The recent agreement by European leaders to write down Greek debt, recapitalize European banks, and back up vulnerable economies has raised hopes that the crisis can be managed.  However, there are still many political and economic obstacles to implementing an effective plan.  The outcome matters very much to the United States.  A financial panic in Europe would probably cause serious disruptions in U.S. financial markets.  Indeed, a San Francisco Fed analysis indicates that the probability of another U.S. recession over the next 12 months increases significantly when the European situation is factored in.7

Let me turn to inflation.  The Fed’s preferred measure of inflation has picked up markedly in 2011 to nearly a 3¼ percent annual rate through September.  At the end of 2010, the rate was about 1¼ percent.  The current inflation rate is well above the objective of about 2 percent that most Fed policymakers indicate they prefer.8  However, the spike in inflation largely reflected temporary circumstances, which have already receded.  I expect the inflation rate to ease to around 1½ percent in both 2012 and 2013.

Higher inflation earlier this year stemmed largely from a run-up in oil and other commodity prices, as well as higher prices for some imported goods.  The impetus came largely from developing countries such as China, which have enormous appetites for raw materials.  More recently though, downshifts in U.S. and European growth have reduced commodity price pressures.  Since the spring, these prices have dropped noticeably.  Meanwhile, there is no sign in the United States of upward pressure on wages.  Nor have we seen any evidence that the public or financial market participants expect inflation to move to a higher plane.  In this kind of environment, high unemployment and weak consumer demand should keep prices in check.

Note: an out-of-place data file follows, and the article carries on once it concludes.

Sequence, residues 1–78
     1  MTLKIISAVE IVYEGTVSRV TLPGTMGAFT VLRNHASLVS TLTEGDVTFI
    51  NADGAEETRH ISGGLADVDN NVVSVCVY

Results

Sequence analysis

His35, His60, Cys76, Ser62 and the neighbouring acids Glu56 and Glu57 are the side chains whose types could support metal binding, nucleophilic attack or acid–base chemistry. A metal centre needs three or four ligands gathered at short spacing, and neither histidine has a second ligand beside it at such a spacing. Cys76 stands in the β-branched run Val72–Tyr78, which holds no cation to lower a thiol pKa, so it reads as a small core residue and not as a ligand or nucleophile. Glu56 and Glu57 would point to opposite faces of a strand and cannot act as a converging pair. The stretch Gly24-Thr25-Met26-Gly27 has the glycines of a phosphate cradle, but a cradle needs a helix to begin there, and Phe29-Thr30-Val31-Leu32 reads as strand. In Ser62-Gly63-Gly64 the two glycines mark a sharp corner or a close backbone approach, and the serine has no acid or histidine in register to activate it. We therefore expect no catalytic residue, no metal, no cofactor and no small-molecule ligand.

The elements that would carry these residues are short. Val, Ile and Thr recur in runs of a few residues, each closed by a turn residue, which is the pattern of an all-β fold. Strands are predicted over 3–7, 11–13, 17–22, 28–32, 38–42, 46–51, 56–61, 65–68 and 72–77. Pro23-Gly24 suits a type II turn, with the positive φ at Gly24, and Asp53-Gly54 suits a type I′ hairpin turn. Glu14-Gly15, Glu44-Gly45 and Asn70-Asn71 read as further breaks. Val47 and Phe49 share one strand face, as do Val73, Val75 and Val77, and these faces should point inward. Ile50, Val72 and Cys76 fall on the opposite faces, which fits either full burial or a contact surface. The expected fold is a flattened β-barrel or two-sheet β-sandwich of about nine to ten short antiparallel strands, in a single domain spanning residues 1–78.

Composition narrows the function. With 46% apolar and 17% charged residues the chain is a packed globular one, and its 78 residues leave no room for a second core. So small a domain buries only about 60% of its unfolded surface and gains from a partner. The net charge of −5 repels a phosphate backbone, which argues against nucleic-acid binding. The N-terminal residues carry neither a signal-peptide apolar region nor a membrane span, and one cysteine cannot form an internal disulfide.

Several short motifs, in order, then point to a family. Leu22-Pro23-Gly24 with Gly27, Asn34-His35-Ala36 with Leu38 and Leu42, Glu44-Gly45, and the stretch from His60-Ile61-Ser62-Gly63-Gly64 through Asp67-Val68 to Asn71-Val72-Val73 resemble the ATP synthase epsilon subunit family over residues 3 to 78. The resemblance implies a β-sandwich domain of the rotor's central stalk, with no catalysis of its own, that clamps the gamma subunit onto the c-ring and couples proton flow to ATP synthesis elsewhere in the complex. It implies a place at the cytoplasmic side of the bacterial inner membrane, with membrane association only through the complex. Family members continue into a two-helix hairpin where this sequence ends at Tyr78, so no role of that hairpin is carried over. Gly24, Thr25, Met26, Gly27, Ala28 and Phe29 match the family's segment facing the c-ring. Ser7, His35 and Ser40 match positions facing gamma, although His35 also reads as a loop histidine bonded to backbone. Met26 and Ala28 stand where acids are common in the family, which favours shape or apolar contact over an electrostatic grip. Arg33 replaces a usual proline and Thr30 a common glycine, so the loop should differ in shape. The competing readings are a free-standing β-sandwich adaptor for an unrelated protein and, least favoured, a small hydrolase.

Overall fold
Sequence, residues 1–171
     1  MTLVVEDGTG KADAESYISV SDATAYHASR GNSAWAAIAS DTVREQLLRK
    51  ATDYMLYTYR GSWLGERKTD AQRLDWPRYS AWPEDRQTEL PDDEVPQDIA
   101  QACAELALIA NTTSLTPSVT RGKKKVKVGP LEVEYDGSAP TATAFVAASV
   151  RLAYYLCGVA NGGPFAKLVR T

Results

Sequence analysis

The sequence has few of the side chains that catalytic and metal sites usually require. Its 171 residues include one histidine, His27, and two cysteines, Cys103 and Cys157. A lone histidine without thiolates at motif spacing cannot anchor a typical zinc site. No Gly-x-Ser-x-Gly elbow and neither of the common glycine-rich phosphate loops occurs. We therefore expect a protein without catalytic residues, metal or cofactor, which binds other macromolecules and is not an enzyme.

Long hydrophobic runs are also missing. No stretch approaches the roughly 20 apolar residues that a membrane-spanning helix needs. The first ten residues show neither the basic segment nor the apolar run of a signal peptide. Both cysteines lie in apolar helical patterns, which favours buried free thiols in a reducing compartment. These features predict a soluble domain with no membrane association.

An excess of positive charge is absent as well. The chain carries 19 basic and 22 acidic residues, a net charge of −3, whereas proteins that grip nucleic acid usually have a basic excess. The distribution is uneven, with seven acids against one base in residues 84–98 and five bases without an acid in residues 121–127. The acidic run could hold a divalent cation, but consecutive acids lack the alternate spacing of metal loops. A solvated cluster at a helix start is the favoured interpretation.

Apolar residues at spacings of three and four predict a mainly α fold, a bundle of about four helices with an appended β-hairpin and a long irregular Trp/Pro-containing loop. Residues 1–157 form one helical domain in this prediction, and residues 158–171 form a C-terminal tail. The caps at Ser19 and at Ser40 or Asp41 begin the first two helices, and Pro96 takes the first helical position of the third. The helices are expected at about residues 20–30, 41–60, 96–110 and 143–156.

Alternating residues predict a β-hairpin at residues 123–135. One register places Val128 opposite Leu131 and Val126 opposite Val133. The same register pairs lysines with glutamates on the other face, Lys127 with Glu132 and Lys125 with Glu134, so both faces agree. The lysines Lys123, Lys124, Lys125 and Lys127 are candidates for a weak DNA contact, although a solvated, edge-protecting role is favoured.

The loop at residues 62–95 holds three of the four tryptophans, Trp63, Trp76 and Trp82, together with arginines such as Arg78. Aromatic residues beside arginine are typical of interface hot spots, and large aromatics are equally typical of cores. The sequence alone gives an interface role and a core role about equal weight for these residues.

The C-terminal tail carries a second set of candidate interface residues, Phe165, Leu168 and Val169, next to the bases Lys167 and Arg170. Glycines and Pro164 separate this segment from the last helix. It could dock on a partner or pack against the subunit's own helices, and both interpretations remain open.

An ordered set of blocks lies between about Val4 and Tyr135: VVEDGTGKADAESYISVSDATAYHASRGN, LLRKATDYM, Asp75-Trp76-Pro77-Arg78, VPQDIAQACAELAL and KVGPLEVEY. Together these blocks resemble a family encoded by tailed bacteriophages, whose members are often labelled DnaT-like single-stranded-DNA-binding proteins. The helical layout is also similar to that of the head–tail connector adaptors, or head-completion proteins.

So what is the Fed doing now?  Over the past few years, faced with an economy that is performing far below its potential, the Fed has taken extraordinary action to boost growth.  That effort is ongoing.  Let me put it in context.